Since 1994 Senior Lecturer Mike Henderson, a veteran writer and editor for The Times, Post-Intelligencer, (Everett) Herald, Seattle Weekly and Crosscut, has been a member of the faculty of the University of Washington Department of Communication. He considers himself to be the only journalist ever to interview actor Gene Hackman inside San Quentin prison while wearing a pair of Hackman's pants. He can be reached at mikh48@hotmail.com.

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    Posted Fri, Aug 16, 7:46 a.m. Inappropriate

    My worst fear is that Goldsmith will pick up his broadcast partner's bad traits. Rick "What a Great Bunch of Guys" Rizz is simply terrible. He speaks in adjectives and adverbs, while Dave Niehaus used to use nouns and verbs. Rizz is cloying and annoying. He got kicked out of Detroit, and it's high time he retires.

    Posted Fri, Aug 16, 7:49 a.m. Inappropriate

    The worst thing that Goldsmith can do is to "learn" from the obsequious Rick Rizz, whose only insight into the game is "What a great bunch of guys." Aaron: Don't use adjectives and adverbs; use nouns and verbs. Ignore your broadcast partner; he got kicked out of Detroit for good cause.

    Posted Fri, Aug 16, 8 a.m. Inappropriate

    Goldsmith is a cut above Sims (which is not saying a ton) in terms of knowing what's going on on the field, but my quibble is that though it's the sport far more than any other that focuses on statistics to provide context, Aaron uses WAY TOO MANY stats, and repeats same over and over and over again. It's like a crutch used to filled virtually every otherwise soundless second.

    Who cares when the M's are in Baltimore that the O's have a losing record (with precise numbers) on the road. Or that some O's player is now in his 500th ML at-bat, or hits left-handed pitchers better on Tuesdays and Thursdays in months that have an "r" in their names. Sometimes this stuff is important, but too many time its just filler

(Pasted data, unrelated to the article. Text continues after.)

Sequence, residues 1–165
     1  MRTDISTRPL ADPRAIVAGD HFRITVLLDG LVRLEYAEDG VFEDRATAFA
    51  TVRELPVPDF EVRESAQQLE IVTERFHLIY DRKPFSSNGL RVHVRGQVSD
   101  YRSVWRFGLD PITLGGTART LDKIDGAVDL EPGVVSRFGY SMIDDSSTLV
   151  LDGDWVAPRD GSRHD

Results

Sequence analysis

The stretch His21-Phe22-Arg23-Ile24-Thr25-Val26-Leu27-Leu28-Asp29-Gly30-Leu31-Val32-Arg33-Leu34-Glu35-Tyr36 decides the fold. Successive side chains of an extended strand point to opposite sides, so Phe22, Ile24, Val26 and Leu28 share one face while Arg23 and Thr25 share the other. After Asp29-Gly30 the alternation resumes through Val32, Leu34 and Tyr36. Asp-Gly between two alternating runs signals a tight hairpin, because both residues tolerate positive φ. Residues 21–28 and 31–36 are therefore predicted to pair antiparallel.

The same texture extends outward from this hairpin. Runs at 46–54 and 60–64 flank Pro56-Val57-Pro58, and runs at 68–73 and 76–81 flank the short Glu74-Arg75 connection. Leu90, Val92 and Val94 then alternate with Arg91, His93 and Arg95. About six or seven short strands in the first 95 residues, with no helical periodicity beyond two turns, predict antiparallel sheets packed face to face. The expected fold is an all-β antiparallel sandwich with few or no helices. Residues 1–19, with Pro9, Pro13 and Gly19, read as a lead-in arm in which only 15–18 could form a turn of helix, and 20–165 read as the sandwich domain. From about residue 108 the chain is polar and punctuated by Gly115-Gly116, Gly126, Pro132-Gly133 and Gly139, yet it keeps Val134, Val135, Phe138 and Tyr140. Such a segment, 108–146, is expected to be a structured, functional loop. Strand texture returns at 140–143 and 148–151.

The good ones like Niehaus and Scully are/were story tellers, and Aaron needs to work on that sans some of the incessant repetition of stats. And Sims needs to pay attention to what's happening on the field and not try to hype EVERYTHING.

    Posted Sat, Aug 17, 10:19 a.m. Inappropriate

    Mike Henderson is right that the Mariner radio crew takes "homer" to another level. Rizzs is an affable guy and has certainly put in the time with the club but the folksy chatter is over the top. The "Pick to Click" pregame feature is so dreadful that it's regularly mocked by the guys making the picks. Goldsmith seems fine -- I was rooting for Ken Levine, nothwithstanding his annoying habit of calling Rizzs "Ricky". A small shoutout to Shannon Drayer for her dugout reporting.

    Between the TV and radio team, I much prefer Sims and Blowers. The Roots TV production is surprisingly good.

    Between USS Mariner, Art Thiel's Sports Press Northwest, the Seattle Times' Larry Stone, the Tacoma News Tribune sports page, and KJR's engaging Elise Woodward and Jerry Brewer, there's a lot of good Mariners coverage. Too bad the team's radio broadcast crew itself is at the bottom of the list.

    Posted Sat, Aug 17, 2:30 p.m. Inappropriate

    Goldsmith is a welcome addition. I too hope he does not "learn" from Rizz -- is that really possible?. It's time to put us out of our misery and ditch Rizz. I assume Dave liked Rizz and the M's keep him on as some link back to Dave - but a real honor to Dave would be to get a decent announcer on board. We all know it can be painful to listen to the play of the M's - Dave and his stories helped you feel okay. With Rizz and his dopy, trite, homer prattle, the games are doubly painful.

    Posted Sun, Aug 18, 8:50 a.m. Inappropriate

    HAHAHAHA. I'd like to see the author of this silly piece start writing articles critical of Crosscut and see how long he lasts. If you listen to other MLB broadcasts you will realize we've got it pretty good here, except for the smug, insufferable Dave Sims.